Next Animal Welfare Chapter Membership Exams

Membership examinations for the ANZCVS Animal Welfare Chapter are offered every second year.

Our next examinations will be offered in 2022.

AGM Documents Uploaded

The following documents have been uploaded to the Chapter repository:

  • Approved 2019 AGM Minutes
  • 2020 AGM Agenda
  • 2020 AGM Agenda - other business
  • 2020 AGM Minutes to be approved
  • 2020 President's Report
  • 2020 Treasurer's Report

2020 David Bayvel Memorial Award for Excellence in Animal Welfare

Dr Sue Foster is a very worthy recipient of this year’s David Bayvel Award. The key area that Sue has and continues to make a major contribution to is an area which World Animal Protection, of which David was the Chief Veterinary Advisor, has a strong policy.

Sue has worked tirelessly for many years in highlighting the welfare issues associated with live animal export, as one of the founders and the spokesperson for Vets Against Live Export.

The full presentation of the award, and Sue's talk, is available to view here

Animal Welfare Chapter Constitution

Our 2019/2020 Constitution document is available to be read in the Chapter Repository here.

Chapter Repository Updated

Our Animal Welfare Chapter Repository has been tidied and updated with the latest documents

2019 AGM Documents are online

These can be found in the Chapter Repository here.

Donkey welfare brochure

A new brochure from the Donkey Sanctuary.

(See brochure in the Chapter Repository)

The slaughter of donkeys to supply skins for the Chinese Medicine trade is posing serious welfare and ethical issues.

Go to Chapter Repository for Peter's article on this important animal welfare issue.

Australian Animal Welfare Standards and Guidelines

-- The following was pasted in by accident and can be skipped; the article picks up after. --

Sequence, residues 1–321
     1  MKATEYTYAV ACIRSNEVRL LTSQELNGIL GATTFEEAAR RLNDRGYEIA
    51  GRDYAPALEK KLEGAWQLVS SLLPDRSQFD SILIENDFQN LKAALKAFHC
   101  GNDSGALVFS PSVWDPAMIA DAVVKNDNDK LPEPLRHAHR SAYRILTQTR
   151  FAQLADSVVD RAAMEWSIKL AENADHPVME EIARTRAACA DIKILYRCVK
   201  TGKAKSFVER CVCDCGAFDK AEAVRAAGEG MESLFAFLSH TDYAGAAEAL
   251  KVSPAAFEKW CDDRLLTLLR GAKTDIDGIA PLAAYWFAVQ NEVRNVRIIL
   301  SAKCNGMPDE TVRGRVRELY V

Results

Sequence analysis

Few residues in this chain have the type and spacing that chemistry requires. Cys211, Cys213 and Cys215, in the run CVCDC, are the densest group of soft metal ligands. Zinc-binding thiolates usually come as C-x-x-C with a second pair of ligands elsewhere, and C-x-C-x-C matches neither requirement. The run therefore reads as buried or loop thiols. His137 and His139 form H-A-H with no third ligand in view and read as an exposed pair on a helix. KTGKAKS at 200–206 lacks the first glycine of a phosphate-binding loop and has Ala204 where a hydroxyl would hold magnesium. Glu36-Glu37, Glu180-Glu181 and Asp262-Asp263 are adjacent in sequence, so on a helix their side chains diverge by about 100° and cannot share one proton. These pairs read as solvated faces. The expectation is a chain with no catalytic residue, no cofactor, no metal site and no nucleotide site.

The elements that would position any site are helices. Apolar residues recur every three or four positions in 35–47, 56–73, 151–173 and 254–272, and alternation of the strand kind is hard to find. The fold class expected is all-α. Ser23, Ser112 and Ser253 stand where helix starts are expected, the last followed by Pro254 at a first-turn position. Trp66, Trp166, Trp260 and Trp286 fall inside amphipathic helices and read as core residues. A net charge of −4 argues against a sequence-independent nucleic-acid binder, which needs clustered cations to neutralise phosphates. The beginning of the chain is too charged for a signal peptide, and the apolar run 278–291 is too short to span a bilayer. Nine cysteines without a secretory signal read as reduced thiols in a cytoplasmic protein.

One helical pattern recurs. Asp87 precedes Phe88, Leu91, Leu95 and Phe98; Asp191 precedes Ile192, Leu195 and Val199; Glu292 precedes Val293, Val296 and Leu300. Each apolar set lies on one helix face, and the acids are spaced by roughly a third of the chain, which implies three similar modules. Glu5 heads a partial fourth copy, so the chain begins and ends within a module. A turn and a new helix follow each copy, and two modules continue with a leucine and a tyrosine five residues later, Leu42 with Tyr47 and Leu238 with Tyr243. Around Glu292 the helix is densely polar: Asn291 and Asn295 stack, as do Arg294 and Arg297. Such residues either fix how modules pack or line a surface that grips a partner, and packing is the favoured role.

Australian Animal Welfare Standards and Guidelines

Nationally consistent standards and guidelines for the welfare of livestock are being developed, cooperatively by government and livestock industries. The welfare standards and guidelines are based on the revision of the current Model Codes of Practice for the Welfare of Animals.

The welfare standards and guidelines for livestock aim to streamline livestock welfare legislation in Australia, ensuring that it is both practical for industry and results in improved welfare outcomes.

Australian producers have always been aware of their responsibilities for livestock welfare, however, increasing awareness among consumers is placing significant pressure on our livestock industries to improve animal welfare. The development of welfare standards and guidelines underpins access to overseas markets and reinforces Australia's international leadership in livestock welfare. Without such change Australia risks losing consumer confidence and significant national and international markets.

Further information on the Australian Animal Welfare Standards and Guidelines is available here http://www.


One Welfare reference